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How can you tell if your self-harm is getting worse? Self-injury, like most mental health disorders, exists on a spectrum. Some people only ever engage in relatively minor acts of self-harm, while for others, the situation may become more serious. If you suspect your self-harm is getting worse, it is important to not only recognize that truth but also take steps now to keep yourself from sliding down a dangerous, slippery slope.
An anxiety plan is something you can create on your own or with a therapist as a type of mental health treatment plan. Such a plan can be as simple as anxiety-reducing ideas jotted down in a dedicated notebook or as complex as a detailed record of medications and their successes, notes you take when visiting with your doctor and/or therapist, the anxiety symptoms you experience and the circumstances in which you notice them, and any other detail about your anxiety and treatment of it that you find helpful.
There are many stereotypes and assumptions about introverted and extroverted people. For instance, extroverts are stereotyped as social butterflies. Introverts, on the other hand, are stereotyped as hermits. However, the stereotypes and assumptions for introverts and extroverts are not true for everyone. These stereotypes and assumptions can also be harmful for mental health. Mental health issues affect introverts and extroverts in different ways. Continue reading this post to learn more.
In a recent post, I discussed the frustrations I’ve encountered dealing with people reacting to anxiety who, in my opinion, don’t do it in a way that’s helpful. I mentioned viewing anxiety as something scary and deviant isn’t the right way to do it, and that the reality of living with anxiety should be viewed with more nuance. I want to go a bit further into this in this post, suggesting that the reality of living with day-to-day anxiety is much more mundane.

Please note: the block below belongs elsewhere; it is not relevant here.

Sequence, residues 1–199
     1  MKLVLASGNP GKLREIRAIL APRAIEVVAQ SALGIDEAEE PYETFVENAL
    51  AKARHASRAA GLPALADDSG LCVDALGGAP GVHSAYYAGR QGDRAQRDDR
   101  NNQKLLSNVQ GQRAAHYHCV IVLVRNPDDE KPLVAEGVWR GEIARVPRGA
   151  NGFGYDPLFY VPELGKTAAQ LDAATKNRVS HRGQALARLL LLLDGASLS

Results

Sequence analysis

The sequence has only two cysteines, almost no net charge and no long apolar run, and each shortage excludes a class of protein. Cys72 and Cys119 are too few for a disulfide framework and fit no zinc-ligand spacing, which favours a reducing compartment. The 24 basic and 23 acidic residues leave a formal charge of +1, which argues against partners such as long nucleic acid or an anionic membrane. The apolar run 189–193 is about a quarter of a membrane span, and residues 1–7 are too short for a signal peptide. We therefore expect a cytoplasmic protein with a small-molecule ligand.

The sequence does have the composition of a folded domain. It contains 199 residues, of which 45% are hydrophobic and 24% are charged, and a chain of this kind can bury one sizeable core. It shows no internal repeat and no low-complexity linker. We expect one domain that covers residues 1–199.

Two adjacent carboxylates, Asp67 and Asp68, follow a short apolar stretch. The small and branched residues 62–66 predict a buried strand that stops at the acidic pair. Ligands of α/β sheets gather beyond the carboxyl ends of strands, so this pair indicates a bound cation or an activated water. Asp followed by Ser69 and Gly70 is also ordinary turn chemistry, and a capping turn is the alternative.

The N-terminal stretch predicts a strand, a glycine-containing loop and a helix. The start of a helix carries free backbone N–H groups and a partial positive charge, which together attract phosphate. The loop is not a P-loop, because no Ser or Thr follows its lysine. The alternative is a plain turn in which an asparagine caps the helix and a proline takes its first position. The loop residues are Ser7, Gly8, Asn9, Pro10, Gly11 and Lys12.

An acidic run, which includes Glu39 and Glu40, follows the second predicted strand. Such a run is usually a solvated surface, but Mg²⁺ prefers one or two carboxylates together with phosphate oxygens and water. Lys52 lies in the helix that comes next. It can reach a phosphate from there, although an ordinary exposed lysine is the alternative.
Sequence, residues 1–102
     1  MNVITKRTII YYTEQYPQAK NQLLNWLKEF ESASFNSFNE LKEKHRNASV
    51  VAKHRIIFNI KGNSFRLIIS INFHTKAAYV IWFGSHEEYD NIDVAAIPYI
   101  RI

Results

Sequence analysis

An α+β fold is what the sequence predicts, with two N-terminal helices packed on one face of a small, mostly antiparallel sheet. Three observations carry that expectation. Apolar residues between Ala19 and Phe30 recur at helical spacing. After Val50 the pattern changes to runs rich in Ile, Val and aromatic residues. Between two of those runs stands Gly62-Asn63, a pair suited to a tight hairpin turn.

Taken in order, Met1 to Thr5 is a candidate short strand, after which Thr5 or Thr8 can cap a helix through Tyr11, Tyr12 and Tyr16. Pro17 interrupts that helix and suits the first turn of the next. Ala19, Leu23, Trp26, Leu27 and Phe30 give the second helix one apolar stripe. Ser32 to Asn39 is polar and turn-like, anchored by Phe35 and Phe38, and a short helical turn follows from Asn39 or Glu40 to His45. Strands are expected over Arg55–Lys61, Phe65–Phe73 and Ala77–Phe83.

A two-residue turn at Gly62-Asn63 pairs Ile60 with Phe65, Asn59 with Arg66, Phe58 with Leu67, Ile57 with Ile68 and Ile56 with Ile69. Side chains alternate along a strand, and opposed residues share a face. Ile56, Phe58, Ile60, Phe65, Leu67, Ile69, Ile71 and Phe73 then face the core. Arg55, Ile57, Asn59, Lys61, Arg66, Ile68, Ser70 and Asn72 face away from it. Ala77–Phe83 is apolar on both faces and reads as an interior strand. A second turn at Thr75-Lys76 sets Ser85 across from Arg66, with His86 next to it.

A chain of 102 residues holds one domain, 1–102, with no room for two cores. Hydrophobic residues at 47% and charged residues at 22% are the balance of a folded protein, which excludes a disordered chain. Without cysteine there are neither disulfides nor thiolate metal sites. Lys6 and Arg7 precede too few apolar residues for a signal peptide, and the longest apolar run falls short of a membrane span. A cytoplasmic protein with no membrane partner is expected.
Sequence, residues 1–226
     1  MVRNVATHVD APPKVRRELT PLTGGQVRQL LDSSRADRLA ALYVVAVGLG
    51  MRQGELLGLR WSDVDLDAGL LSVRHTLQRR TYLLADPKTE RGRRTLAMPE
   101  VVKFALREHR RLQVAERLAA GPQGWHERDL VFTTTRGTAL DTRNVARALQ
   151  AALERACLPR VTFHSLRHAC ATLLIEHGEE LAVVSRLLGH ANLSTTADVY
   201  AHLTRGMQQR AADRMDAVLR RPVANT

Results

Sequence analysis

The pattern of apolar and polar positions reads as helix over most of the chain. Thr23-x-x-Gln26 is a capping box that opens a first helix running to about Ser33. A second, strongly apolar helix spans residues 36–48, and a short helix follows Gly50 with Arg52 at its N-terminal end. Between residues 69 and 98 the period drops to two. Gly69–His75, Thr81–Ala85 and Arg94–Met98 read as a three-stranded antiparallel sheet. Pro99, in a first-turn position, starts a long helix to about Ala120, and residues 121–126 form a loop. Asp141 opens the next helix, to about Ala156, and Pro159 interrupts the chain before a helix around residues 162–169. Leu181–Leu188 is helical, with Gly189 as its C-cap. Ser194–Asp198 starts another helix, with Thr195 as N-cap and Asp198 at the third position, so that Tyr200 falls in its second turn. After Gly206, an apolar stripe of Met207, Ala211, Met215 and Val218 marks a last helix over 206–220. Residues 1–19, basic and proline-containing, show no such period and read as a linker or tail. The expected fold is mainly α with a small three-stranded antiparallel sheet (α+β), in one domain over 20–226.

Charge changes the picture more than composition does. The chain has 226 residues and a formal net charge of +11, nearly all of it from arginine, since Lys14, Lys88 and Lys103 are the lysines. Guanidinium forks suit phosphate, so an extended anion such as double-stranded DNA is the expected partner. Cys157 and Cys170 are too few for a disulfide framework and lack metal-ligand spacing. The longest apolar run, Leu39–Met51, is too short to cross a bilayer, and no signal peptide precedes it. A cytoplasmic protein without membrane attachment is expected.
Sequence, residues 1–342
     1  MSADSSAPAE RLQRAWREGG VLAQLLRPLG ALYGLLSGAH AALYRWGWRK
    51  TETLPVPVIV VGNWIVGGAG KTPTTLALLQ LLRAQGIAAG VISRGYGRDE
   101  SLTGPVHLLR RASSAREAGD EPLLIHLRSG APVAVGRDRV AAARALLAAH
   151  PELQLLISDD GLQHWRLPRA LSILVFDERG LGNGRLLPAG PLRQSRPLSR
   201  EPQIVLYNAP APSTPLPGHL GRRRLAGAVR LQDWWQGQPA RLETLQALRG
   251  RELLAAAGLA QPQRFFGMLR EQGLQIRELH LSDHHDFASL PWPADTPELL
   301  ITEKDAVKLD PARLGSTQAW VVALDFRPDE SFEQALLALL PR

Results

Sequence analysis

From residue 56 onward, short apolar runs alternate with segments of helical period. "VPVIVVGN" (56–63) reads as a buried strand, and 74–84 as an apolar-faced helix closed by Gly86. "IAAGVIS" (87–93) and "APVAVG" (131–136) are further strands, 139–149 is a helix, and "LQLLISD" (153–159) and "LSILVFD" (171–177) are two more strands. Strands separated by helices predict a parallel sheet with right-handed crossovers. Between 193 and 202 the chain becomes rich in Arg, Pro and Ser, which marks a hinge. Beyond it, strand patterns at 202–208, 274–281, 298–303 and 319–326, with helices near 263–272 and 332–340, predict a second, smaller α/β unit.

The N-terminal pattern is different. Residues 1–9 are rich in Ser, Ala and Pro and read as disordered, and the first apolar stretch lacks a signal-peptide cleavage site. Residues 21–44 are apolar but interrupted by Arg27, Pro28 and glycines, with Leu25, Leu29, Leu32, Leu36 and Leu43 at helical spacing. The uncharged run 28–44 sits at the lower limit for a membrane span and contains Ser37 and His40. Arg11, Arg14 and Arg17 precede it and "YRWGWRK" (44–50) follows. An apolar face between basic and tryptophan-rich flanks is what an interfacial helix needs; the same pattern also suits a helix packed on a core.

The decision to disclose your bipolar at work is an important one. You may feel unsure of whether or not you should speak to your employer about your illness, or worried that you could face professional or personal repercussions for speaking up. There are risks to talking about bipolar at work, as well as potential benefits.
If you have a history of eating disorder behaviors or mindsets, then you have most likely body checked yourself, or stood in front of a mirror and scrutinized your reflection with a severe and merciless eye. Chances are, you understand how it feels to wither beneath your own cruel gaze which repeatedly dissects the size, weight, shape, and curvature of a frame that will never be adequate to you. This ritual is known as compulsive body checking, and it can worsen your eating disorder tendencies. But if that toxic pattern sounds familiar, rest assured, it is possible to break yourself of a compulsive body checking habit.
When you trust your decisions, your self-esteem will grow. People with poor self-esteem often second-guess themselves and defer to others' opinions. While it's true that there are people who know more than you do on almost every topic, there is one subject on which you are the world's leading expert, and that subject is you.